FRIDAY NIGHT LIGHTS: The Son - Give Me My Remote : Give Me My Remote


June 8, 2010 by  

I have played a variety of roles in my life. Before I was ever a student, co-worker, or friend, I was a son. Born into a crowded house with two older siblings, I was fortunate to enjoy the spoils of a childhood filled with love and affection. My parents taught us to value hard work, education, and friendship. Those lessons stayed with me every day, no matter how far I wandered from home.

On Sunday, May 24, 1992, my Mom died suddenly of a brain aneurysm. Losing a parent is a life-changing tragedy, whether you are fifteen (as I was at the time) or fifty-five. There is no better or worse time for it to happen, no paint-by-numbers method to deal with the aftermath. The biggest challenge in the wake of such loss is accepting the realities of your altered universe.

Death is a common device to tell stories on television and in films. They rarely get it right. Without the luxury of time, onscreen grieving has to move at a breakneck pace, lest the audience becomes bored with indifference. In telling the story of Matt Saracen, Jason Katims and the team behind Friday Night Lights took a leap of faith. They trusted their actors to take things slow, and trusted their audience to understand the nuances of mourning.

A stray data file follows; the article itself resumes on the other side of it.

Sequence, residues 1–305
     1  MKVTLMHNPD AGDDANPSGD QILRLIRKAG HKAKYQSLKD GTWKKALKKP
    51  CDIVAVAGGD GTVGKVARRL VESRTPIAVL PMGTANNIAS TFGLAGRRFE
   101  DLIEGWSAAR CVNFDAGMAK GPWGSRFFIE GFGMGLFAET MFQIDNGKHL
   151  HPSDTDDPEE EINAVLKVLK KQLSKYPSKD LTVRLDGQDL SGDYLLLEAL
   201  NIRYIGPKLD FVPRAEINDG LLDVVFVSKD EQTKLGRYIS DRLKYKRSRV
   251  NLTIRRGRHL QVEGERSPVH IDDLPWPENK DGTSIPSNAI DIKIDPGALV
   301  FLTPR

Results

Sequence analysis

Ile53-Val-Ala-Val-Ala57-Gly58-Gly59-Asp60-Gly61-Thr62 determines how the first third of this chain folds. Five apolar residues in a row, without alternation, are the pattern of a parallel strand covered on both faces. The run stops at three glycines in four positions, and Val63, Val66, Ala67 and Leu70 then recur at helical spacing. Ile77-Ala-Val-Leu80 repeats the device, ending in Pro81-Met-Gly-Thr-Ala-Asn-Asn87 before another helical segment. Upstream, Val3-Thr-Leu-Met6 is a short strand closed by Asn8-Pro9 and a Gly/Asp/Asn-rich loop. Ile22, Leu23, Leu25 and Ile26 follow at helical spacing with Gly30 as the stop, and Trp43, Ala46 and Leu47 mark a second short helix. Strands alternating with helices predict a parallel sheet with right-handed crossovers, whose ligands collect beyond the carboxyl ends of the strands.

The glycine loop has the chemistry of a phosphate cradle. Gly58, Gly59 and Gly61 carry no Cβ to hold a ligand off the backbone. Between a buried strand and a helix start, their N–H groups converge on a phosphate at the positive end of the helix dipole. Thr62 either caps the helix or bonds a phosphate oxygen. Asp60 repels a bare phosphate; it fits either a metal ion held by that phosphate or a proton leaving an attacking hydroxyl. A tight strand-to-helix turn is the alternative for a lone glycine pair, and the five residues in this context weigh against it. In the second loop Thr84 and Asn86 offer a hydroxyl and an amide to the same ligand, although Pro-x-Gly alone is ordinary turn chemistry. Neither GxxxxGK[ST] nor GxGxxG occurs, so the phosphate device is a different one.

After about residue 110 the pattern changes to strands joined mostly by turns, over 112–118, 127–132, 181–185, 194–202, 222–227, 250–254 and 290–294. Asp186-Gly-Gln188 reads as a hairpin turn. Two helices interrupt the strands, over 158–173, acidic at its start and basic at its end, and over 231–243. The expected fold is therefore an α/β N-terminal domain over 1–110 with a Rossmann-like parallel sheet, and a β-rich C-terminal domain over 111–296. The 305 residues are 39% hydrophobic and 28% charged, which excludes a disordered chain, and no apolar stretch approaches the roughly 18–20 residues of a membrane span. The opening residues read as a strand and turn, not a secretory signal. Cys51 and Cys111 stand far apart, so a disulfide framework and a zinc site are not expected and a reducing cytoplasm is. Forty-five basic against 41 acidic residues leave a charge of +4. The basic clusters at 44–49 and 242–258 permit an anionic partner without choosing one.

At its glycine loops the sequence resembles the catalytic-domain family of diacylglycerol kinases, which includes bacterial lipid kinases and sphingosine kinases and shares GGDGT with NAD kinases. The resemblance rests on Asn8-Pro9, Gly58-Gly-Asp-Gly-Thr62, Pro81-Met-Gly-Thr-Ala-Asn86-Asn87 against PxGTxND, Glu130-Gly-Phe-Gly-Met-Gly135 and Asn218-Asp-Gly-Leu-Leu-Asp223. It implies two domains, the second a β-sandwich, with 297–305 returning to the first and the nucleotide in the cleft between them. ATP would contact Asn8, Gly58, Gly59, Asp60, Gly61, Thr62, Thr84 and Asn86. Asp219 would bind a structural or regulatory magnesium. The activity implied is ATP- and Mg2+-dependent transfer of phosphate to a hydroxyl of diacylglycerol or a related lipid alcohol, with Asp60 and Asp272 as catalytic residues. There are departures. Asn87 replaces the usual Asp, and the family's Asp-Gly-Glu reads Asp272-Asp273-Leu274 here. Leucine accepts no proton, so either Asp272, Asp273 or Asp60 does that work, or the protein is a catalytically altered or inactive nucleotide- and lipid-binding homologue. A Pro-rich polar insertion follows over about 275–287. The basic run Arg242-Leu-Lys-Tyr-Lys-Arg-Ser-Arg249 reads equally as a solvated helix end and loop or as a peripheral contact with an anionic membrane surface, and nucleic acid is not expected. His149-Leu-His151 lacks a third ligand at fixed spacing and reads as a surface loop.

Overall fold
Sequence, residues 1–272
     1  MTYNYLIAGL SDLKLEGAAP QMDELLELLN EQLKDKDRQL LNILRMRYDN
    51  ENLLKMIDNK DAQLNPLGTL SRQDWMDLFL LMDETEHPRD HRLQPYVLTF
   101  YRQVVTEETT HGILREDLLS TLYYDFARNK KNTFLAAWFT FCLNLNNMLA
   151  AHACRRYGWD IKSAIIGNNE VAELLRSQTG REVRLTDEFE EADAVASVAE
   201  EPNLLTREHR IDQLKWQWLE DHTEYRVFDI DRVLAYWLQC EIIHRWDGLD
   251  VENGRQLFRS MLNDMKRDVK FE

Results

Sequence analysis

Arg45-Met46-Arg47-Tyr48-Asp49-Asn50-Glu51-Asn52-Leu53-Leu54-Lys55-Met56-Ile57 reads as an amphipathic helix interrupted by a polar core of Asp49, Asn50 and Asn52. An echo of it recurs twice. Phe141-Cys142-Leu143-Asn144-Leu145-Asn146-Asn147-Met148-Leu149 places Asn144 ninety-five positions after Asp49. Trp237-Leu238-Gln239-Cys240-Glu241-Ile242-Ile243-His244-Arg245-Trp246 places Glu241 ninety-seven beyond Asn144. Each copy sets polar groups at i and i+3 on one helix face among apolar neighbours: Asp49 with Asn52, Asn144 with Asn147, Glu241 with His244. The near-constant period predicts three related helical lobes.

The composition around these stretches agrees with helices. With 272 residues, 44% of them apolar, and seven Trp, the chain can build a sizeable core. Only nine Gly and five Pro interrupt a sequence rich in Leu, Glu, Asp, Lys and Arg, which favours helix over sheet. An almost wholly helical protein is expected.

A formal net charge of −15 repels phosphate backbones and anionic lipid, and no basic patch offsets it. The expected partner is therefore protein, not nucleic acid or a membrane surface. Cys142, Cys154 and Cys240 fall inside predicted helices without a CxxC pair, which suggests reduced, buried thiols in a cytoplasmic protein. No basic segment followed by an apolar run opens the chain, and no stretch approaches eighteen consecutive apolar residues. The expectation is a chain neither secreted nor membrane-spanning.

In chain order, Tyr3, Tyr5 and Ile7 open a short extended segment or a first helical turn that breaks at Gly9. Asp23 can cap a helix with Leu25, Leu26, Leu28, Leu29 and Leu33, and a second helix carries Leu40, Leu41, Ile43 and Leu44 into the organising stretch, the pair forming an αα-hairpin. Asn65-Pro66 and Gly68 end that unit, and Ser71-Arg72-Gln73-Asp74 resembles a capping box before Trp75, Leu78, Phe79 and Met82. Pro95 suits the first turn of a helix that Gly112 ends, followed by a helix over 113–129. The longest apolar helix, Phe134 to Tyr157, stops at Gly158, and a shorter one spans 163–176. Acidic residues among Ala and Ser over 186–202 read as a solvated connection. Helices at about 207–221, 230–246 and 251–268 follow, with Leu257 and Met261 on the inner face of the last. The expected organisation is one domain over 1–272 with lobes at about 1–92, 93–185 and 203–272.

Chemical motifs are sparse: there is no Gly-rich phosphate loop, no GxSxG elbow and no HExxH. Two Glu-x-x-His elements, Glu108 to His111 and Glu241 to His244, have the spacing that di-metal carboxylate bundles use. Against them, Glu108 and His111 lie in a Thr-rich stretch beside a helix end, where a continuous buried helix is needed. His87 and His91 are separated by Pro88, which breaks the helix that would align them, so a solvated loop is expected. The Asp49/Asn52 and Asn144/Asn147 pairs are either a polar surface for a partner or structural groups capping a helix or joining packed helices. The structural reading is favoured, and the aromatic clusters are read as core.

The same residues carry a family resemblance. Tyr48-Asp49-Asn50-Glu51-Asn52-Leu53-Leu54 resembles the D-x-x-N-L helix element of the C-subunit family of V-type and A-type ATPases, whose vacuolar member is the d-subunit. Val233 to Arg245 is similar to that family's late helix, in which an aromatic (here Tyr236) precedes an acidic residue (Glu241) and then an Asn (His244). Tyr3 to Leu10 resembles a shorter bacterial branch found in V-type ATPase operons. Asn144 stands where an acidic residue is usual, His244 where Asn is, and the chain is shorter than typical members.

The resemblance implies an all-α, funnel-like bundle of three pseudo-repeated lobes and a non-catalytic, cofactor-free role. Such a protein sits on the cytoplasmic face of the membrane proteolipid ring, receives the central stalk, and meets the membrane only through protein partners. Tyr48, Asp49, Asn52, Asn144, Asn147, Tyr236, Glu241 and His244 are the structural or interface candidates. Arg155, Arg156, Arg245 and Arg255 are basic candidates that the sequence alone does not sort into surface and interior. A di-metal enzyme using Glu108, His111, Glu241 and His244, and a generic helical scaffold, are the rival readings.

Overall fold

Zach Gilford may never be recognized by the Academy of Television Arts & Sciences for his performance in “The Son.” It has become an embarrassing tradition for FNL’s best and brightest to fall short of Emmy gold, despite a track record of unparalleled excellence. Normally, these slights irk me as a fan. In this case, I take comfort in the fact that Mr. Gilford will be rewarded with a long and storied acting career on the heels of this outstanding work. In Hollywood, that is a far more precious currency than statues or magazine covers.

If I were Zach’s agent, I would keep three scenes on his acting reel, and let the work speak for itself. Their contents reveal an actor capable of playing a fully transparent character, naked of any self-indulgent melodrama or unnecessary movements.

With his friends in tow, and over the objections of the funeral director, father and son are brought face to (no) face. At that very moment, Matt was stripped of his sense of denial. He was shaken to his core, and anyone with a heart shed tears with him. Whether he was QB1, a pizza delivery guy, or Julie’s adoring boyfriend, Matt Saracen has always been Dillon’s best boy, the epitome of my theory that FNL’s heroes can be unearthed through their manners. No one could wish him ill, and no one could explain why such a tragedy would befall him. It was a moment that Matt had to experience, even as Tim Riggins wondered if anyone should have to face such things.

Because he is a well-mannered young man, Matt could not break his dinner commitment to the Taylors, even if it meant arriving late. A few fork strokes later, after expressing his discomfort with overlapping foods, Saracen’s downward spiral continued. The pain was too much, and the truth spilled out. Matt’s diatribe, where he explained that he channeled his anger toward his Dad in order to be a good person, was timeless. That scene would have fit any time line, any genre, in any era. Matt was angry at his father for leaving him, and angry with himself for turning a man he did not truly know into the villain of his story.